How banning plastic straws could impact people with disabilities

The Last Straw : Planet Money

People with disabilities are pushing back against plastic straw bans. Here’s why

This week, Starbucks announced it'd be doing away with plastic straws by 2020. A new recyclable lid will replace straws and become standard for most of Starbucks' iced drinks.

In a statement, Starbucks said customers are still able to get straws, made from alternative materials, and that the company will work with the disabled community to ensure their needs are met going forward. It's made from paper and compostable plastic. Starbucks claims its use of cold-cup lids worldwide will keep over one billion straws from polluting the environment every year.

The bans are meant to be a proactive step in easing the burden that plastic waste has on our environment. San Francisco has banned polystyrene, including packaging peanuts and Styrofoam cups.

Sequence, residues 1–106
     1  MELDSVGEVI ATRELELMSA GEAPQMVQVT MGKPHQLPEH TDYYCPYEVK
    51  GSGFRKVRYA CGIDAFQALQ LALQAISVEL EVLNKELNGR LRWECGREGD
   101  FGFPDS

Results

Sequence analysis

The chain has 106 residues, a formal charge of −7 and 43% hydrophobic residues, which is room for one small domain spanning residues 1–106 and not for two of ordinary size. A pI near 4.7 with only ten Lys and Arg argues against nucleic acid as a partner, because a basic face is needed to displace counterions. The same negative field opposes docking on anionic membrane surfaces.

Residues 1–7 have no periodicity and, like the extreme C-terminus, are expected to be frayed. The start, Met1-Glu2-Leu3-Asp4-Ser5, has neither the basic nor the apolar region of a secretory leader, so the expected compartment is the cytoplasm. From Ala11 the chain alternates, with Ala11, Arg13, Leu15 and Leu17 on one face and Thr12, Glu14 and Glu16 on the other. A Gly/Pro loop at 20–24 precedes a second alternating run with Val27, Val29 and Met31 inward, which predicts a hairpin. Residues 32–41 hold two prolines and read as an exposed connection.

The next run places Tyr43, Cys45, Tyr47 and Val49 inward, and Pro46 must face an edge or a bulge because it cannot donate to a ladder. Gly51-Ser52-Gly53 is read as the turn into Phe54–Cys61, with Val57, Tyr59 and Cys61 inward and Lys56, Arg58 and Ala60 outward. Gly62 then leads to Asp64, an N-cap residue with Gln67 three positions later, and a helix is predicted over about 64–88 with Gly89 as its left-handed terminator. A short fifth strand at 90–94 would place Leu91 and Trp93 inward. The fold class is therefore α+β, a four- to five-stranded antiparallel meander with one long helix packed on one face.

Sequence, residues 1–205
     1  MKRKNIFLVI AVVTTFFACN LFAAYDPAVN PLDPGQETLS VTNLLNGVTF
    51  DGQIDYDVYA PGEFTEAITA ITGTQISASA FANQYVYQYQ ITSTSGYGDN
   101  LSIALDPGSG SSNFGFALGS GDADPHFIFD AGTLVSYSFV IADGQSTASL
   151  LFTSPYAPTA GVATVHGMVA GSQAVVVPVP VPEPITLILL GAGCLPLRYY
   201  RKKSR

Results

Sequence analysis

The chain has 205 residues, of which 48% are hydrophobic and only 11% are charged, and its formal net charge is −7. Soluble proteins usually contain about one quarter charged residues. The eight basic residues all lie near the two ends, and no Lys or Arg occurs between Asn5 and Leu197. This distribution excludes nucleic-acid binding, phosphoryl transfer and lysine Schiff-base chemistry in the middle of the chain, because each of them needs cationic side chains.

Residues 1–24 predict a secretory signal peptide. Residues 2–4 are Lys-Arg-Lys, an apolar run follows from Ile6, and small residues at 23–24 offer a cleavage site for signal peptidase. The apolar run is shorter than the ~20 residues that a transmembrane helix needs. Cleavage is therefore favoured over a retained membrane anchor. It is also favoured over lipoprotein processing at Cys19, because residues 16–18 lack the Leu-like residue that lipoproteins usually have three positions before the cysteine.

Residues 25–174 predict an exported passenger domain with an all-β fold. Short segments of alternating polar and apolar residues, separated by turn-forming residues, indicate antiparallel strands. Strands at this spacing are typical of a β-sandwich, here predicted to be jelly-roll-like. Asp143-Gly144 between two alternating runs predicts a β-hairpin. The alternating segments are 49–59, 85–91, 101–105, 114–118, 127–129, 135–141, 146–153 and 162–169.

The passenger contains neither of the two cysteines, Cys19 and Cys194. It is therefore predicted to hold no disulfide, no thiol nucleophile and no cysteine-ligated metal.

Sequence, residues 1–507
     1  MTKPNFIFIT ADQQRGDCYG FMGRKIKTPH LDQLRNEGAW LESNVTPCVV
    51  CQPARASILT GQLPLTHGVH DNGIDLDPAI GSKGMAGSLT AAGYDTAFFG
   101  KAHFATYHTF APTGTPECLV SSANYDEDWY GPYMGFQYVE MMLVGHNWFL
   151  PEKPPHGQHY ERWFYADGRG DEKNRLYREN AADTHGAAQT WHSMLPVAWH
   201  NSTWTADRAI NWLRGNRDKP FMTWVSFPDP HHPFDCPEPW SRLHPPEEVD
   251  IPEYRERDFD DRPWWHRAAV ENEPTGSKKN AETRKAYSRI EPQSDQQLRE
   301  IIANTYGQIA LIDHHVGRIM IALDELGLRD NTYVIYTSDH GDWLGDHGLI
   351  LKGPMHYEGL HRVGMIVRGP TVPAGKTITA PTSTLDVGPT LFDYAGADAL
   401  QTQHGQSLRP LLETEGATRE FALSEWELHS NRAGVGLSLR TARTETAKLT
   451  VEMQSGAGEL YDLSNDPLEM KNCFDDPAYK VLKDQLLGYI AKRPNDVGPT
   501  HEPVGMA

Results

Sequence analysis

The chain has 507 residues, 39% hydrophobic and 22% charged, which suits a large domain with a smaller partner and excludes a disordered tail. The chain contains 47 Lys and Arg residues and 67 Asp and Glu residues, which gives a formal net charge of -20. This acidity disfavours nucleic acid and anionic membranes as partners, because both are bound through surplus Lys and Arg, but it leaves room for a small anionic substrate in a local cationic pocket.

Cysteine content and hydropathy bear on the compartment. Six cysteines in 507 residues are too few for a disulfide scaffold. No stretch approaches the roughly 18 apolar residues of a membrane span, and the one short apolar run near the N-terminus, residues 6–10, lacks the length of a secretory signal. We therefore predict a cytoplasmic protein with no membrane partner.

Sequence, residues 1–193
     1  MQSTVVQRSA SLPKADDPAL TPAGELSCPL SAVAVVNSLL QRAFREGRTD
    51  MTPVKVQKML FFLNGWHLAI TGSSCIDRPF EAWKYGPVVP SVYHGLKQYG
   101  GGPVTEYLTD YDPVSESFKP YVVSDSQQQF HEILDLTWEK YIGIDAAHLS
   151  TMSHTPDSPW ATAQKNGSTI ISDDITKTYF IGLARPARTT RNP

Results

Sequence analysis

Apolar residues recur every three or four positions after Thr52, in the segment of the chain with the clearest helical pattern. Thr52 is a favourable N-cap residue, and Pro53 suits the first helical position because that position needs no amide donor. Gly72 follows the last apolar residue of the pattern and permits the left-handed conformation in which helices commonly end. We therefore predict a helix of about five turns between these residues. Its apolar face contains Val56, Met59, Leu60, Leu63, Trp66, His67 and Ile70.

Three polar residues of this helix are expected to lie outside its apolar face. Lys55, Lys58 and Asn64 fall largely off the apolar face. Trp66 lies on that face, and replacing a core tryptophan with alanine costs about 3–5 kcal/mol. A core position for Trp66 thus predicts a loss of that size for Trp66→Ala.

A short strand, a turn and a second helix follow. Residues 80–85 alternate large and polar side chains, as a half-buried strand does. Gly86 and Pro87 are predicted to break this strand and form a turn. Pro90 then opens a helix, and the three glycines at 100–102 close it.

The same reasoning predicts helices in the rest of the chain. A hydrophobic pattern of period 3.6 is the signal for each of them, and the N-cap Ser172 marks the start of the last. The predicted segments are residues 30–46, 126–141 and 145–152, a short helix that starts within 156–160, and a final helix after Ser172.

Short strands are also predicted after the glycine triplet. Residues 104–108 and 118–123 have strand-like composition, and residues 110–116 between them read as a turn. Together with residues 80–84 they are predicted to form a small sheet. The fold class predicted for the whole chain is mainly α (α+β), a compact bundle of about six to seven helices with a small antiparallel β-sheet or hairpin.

The decision falls in line with the city's plastic straw ban, which went into effect on June 1. Studies show that the United States alone uses 500 million straws every day.

Sourcing trends predicted this shift would soon expand to other sizeable corporations weeks before official announcements started surfacing.

"If they ban disposable plastic straws, they should have alternatives like cardboard or biodegradable straws."

Proposed bans on plastic straws have gained momentum across the country.

Although it is hard to identify exactly how much plastic is in the ocean, due to micro-particles and the amount that has sunk to the bottom, the Ocean Conservancy estimates that eight million metric tons of plastic end up in our oceans each year - adding to the estimated 150 million metric tons now circulating our oceans. But for many individuals and activist organizations, focusing on this issue - one that is easier for everyday consumers to rally behind and can serve as a catalyst for exploring the larger, more overarching environmental issues - may prove a valuable starting point. And with a corporate giant like Starbucks taking steps to reduce their plastic waste, other companies may be more inclined to follow suit.

After enacting a plastic straw and utensil ban, Seattle allowed businesses to keep bendable plastic straws on-site for customers who need them due to a medical or physical condition.

Latest News